Nine Princes in Amber
Roger Zelazny, read by Alessandro Juliani
Audible Frontiers, 2012
I first came across Roger Zelazny’s Amber series when I played the Amber Diceless RPG my sophomore year of college. At the time, having only really played D&D it was sort of a revelation and its reliance on legitimate roleplaying (literally no dice to fall back on) was a bit of an adjustment though one that has positively influenced my approach to other RPGs since. It also remains one of my favorite RPG experiences to date. As the semester ended and our time in Amber was over I did what any self-respecting geek would do: went out about bought the enormous omnibus edition of all Zelazny’s Amber novels aka The Great Book of Amber. It was a strange experience having “lived” in Amber, so to speak, going back and reading the source material; a sensation that I’ve yet to replicate with other series. Now that I am years removed from that epic game of Amber and Audible had released newly recorded versions of the Amber books (though I still wish the author-read versions were available digitally) I’m slowly revisiting the series.
The first series of Amber books, starring Prince Corwin, are narrated by Alessandro Juliani. The premise of Amber is at once simple and complex. There is, at the heart of everything, a single great city that represents order: Amber. Everything beyond Amber (not everything, but lets not get there yet) is Shadow; pale imitations of Amber or parts of Amber. The sons and daughters of Amber, the children of Oberon, are not unlike Gods. They are faster, stronger, smarter, and longer lived than the denizens of shadow with various forms of magic including the ability to walk through and manipulate Shadows. At the opening of the first novel Corwin, a Prince of Amber, awakens with no memory of who or what he is. Despite this fact he is quickly drawn into the intrigues of his family as he begins to make alliances against his brother Eric who currently sits on the throne.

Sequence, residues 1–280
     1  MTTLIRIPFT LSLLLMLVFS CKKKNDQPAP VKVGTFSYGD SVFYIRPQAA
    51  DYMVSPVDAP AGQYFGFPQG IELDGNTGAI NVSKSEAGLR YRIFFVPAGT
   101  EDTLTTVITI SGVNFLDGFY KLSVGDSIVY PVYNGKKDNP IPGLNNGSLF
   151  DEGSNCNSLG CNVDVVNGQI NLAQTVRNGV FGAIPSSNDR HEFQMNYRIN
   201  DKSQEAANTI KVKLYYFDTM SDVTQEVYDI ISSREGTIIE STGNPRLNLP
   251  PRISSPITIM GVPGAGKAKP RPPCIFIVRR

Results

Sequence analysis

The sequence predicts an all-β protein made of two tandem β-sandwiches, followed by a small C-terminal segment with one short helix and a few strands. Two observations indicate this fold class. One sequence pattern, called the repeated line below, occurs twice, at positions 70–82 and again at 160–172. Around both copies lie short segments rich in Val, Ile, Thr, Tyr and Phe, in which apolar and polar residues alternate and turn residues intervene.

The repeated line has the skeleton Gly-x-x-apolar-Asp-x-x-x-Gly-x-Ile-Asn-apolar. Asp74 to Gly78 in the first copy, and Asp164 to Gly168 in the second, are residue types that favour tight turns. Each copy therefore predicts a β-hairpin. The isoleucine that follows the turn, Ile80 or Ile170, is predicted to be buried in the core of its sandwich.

Nine Princes in Amber is a book about Corwin’s journey home as much as it is about his contest for the throne of Amber. Zelazny’s choice in using an amnesiac narrator allows readers to explore Amber through Corwin’s eyes while at the same color the prose with sense of something half-remembered. The novel also straddles the gap between prosaic and poetic offering modern sensibilities while increasingly drifting into the realm of the mythical and the epic. For the most part this works however, there are moments where Corwin’s musings feel a bit overwrought and the prose perhaps layered on a bit thick. I think that such moments would be easier to ignore while reading the book but hearing some of these lines spoken aloud can be a bit of an eye-rolling experience. That’s nothing against Alessandro Juliani’s narration, he can only work with what’s in front of him. Such instances are few and far between and Zelazny has a firm grip on the prose and Juliani’s ability to convey Corwin’s sense of wonder and wistfulness as he recaptures his memory is admirable.
Nine Princes in Amber isn’t a long novel coming it at 175 pages (about 5.5 hours in audio format) but despite its slim page count it manages to pack in a great deal of material. Conniving and scheming, big fights and large battles, and even a touch of romance Zelazny manages to pack it all in without ever feeling like he is glossing things over. Sure there is material left out, questions left unanswered, and a major cliffhanger ending but none of it feels unsatisfying despite leaving you eager to continue on to the next book. For a novel published in the 70s Nine Princes in Amber remains fairly current with relatively few quirks to mark its age and even with the better part of a decade since my last experience with novel it still remains entirely approachable to modern audiences. If you are a fan of fantasy and have yet to give this series a shot I highly recommend you pick up Nine Princes in Amber. Audible has done an amazing job with this series and Juliani’s crisp narration definitely helps propel the story forward this is a well deserved update to a classic novel.